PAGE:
The list of topics in the campaign was set rather high and largely surpasses powers of the future president.

The general impression so far is that this time, the campaign is far more intensive in the media and on social networks than on the field. The intensity of the election headquarters campaigns differs considerably. Nearly all methods of communication with voters can be seen only in the campaign of the presidential candidate Aleksandar Vučić. A large majority of other campaigns uses merely two means of communication in this period of the campaign: public events – primarily different types of gatherings and rallies – and the internet campaign. Locally, the campaigns have so far been of a relatively low intensity that culminates before and during the arrival of the candidate in a particular place.

The observed period of the electoral process has been marked by a negative campaign. Thanks to the ruling coalition’s clearly articulated desire to win the elections in the first round shown in the media, government and opposition are trying to turn these elections into a referendum about the Prime Minister Aleksandar Vučić’s success of work. All this leads to overly heated massages that are being sent and at certain times transformed into hate speech.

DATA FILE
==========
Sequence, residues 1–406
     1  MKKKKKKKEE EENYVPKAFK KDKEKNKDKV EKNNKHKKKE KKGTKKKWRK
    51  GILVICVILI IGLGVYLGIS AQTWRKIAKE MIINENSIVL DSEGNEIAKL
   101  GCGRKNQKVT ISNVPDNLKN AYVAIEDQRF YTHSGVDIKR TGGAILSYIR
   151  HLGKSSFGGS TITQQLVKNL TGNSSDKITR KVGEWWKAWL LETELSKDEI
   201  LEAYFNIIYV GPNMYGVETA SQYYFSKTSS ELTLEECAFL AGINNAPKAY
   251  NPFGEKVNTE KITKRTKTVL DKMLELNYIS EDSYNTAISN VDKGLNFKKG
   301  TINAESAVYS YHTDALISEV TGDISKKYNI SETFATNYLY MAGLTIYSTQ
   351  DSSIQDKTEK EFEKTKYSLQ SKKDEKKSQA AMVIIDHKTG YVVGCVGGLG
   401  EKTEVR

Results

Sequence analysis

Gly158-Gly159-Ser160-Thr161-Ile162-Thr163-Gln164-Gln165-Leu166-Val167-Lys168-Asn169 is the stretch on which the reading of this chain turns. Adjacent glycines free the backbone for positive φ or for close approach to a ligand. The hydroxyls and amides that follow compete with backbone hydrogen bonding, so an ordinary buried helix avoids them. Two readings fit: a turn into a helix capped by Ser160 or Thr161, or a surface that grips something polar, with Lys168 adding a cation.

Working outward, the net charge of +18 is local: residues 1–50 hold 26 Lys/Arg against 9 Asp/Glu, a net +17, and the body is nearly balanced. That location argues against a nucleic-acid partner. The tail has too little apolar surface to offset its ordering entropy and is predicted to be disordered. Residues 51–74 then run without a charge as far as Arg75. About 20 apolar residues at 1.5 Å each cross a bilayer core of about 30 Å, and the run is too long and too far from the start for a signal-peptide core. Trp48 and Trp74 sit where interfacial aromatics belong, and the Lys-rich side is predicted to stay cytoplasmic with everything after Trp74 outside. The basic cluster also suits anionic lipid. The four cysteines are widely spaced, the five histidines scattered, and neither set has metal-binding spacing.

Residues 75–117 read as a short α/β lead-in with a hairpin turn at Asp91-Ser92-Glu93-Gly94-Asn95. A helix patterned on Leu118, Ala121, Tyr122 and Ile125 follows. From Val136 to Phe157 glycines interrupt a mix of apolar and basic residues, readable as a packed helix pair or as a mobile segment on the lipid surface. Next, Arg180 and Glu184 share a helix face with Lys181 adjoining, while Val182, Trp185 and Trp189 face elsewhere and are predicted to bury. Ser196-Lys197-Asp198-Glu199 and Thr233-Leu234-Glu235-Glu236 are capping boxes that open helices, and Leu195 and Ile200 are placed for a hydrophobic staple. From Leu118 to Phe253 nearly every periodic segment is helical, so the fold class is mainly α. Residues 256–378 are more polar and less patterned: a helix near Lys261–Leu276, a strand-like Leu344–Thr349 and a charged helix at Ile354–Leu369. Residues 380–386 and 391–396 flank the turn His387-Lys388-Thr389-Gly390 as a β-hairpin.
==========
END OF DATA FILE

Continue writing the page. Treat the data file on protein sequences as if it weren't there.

During the pre-electoral campaign, various incidents have been noticed indicating a tense atmosphere that prevails in the campaign. In the reported period, the observation mission selected cases that had particularly disturbed the public and gathered enough evidence to be able to report with certainty. These concern attack on activists from electoral headquarters of different presidential candidates, cases of pasting of advertising material on spots that are not stipulated by regulations, which in one case resulted in a death.